(PhysOrg.com) -- In a recent study published in The Auk, researchers claim they have found evidence that humans are not the only species where child abuse is a socially transmitted behavior.
The study, conducted by Martina Muller, Dr. David Anderson and others from Wake Forest University looked at a colony of Nazca boobies found in the eastern Pacific and nesting on the Galapagos Islands. They studied the interactions of the birds for three breeding seasons and tagged new birds at birth.
These birds nest in large dense colonies where both parents typically raise a chick each year. But it is when these parents fly away to gather food for the chick that the violence starts. While the parents are away, the chicks are visited by other non-breeding adults. While these interactions can be positive, most of the time they are abusive in nature, with aggressive or sexual acts being taken out on the young chick.
By following these birds for three years, they found a connection between the amount of times these chicks were attacked and the frequency that they then attacked other chicks when they reached adulthood. The researchers believe that these attacks at a young age condition the birds for life and may affect other aspects of their personalities.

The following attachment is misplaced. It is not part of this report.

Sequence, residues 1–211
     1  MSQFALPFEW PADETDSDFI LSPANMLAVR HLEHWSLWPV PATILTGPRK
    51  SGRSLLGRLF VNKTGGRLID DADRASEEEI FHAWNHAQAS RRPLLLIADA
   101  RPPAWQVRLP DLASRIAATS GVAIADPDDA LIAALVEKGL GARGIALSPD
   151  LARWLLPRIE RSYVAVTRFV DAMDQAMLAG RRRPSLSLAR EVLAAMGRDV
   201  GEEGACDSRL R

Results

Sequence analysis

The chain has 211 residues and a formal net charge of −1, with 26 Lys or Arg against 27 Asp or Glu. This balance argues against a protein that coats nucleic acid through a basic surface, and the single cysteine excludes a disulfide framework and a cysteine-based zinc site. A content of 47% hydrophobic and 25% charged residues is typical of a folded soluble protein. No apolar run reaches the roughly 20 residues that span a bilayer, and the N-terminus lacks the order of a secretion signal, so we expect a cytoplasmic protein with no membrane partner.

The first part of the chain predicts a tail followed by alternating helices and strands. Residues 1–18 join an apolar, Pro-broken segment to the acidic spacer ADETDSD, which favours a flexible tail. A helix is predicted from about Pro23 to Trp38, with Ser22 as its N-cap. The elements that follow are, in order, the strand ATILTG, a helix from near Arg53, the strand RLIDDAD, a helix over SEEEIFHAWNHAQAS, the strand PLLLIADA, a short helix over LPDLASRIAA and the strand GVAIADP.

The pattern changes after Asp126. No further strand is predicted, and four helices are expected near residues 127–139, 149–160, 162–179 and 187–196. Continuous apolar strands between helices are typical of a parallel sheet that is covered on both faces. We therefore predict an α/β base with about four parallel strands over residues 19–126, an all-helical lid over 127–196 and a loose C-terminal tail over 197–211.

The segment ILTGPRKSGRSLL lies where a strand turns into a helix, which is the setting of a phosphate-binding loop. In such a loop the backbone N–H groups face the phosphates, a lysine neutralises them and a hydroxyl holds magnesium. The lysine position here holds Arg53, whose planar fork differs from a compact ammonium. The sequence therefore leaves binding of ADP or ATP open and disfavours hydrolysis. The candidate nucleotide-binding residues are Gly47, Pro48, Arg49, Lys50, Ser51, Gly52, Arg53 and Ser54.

The researchers suspect that when the chicks are attacked on a regular basis, their level of stress is increased and stress hormones are released. These hormone levels then play a role in triggering aggressive behavior.
The scientists believe that this proves that the behavior is not genetic but a behavior that is influenced by the society in which the bird is raised. When looking at this cycle of violence, researchers hope this model may be useful in the future in helping other studies looking at this phenomenon.
Explore further: Rare new species of plant: Stachys caroliniana